It was a fantastic chase, in and out of the lights and shadows and up and down the slowly moving ridges and valleys. They passed the dragon where it slept. They passed the Lady, sleeping with a smile on her face. The Un-man stooped low as it passed her with the fingers of its left hand crooked for scratching. It would have torn her if it dared, but Ransom was close behind and it could not risk the delay. They passed through a flock of large orange-coloured birds all fast asleep, each on one leg, each with its head beneath its wing, so that they looked like a grove of formal and flowery shrubs. They picked their steps where pairs and families of the yellow wallabies lay on their backs with eyes fast shut and their small forepaws folded on their breasts as if they were crusaders carved on tombs. They stooped beneath branches which were bowed down because on them lay the tree-pigs, making a comfortable noise like a child's snore. They crashed through thickets of bubble trees and forgot, for the moment, their weariness. It was a large island. They came out of the woods and rushed across wide fields of saffron or of silver, sometimes deep to their ankles and sometimes to their waists in the cool or poignant scents. They rushed down into yet other woods which lay, as they approached them, at the bottom of secret valleys, but rose before they reached them to crown the summits of lonely hills. Ransom could not gain on his quarry. It was a wonder that any creature so maimed as its uneven strides showed it to be, could maintain that pace. If the ankle were really sprained, as he suspected, it must suffer indescribably at every step. Then the horrible thought came into his mind that perhaps it could somehow hand over the pain to be borne by whatever remnants of Weston's consciousness yet survived in its body. The idea that something which had once been of his own kind and fed at a human breast might even now be imprisoned in the thing he was pursuing redoubled his hatred, which was unlike nearly all other hatreds he had ever known, for it increased his strength.

As they emerged from about the fourth wood he saw the sea before them not thirty yards away. The Un-man rushed on as if it made no distinction between land and water and plunged in with a great splash. He could see its head, dark against the coppery sea, as it swam. Ransom rejoiced, for swimming was the only sport in which he had ever approached excellence. As he took the water he lost sight of the Un-man for a moment; then, looking up and shaking the wet hair from his face as he struck out in pursuit (his hair was very long by now), he saw its whole body upright and above the surface as though it were sitting on the sea. A second glance and he realised that it had mounted a fish. Apparently the charmed slumber extended only to the island, for the Un-man on his mount was making good speed. It was stooping down doing something to its fish, Ransom could not see what. Doubtless it would have many ways of urging the animal to quicken its pace.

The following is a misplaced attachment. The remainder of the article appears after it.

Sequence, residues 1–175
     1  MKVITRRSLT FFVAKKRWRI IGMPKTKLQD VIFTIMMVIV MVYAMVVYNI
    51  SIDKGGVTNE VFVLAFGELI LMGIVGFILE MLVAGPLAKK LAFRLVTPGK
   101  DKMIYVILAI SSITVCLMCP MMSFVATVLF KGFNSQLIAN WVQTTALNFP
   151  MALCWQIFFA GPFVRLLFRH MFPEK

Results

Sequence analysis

For a moment he was in despair: but he had forgotten the man-loving nature of these sea-horses. He found almost at once that he was in a complete shoal of the creatures, leaping and frisking to attract his attention. In spite of their good will it was no easy matter to get himself on to the slippery surface of the fine specimen which his grabbing hands first reached: while he was struggling to mount, the distance widened between him and the fugitive. But at last it was done. Settling himself behind the great goggle-eyed head he nudged the animal with his knees, kicked it with his heels, whispered words of praise and encouragement, and in general did all he could to awake its metal. It began threshing its way forward. But looking ahead Ransom could no longer see any sign of the Un-man, but only the long empty ridge of the next wave coming towards him. Doubtless the quarry was beyond the ridge. Then he noticed that he had no cause to be bothered about the direction. The slope of water was dotted all over with the great fish, each marked by a heap of yellow foam and some of them spouting as well. The Un-man possibly had not reckoned on the instinct which made them follow as leader any of their company on whom a human being sat. They were all forging straight ahead, no more uncertain of their course than homing rooks or bloodhounds on a scent. As Ransom and his fish rose to the top of the wave, he found himself looking down on a wide shallow trough shaped much like a valley in the home counties. Far away and now approaching the opposite slope was the little, dark puppet-like silhouette of the Un-man: and between it and him the whole school of fish was spread out in three or four lines. Clearly there was no danger of losing touch. Ransom was hunting him with the fish and they would not cease to follow. He laughed aloud. "My hounds are bred out of the Spartan kind, so flew'd, so sanded," he roared.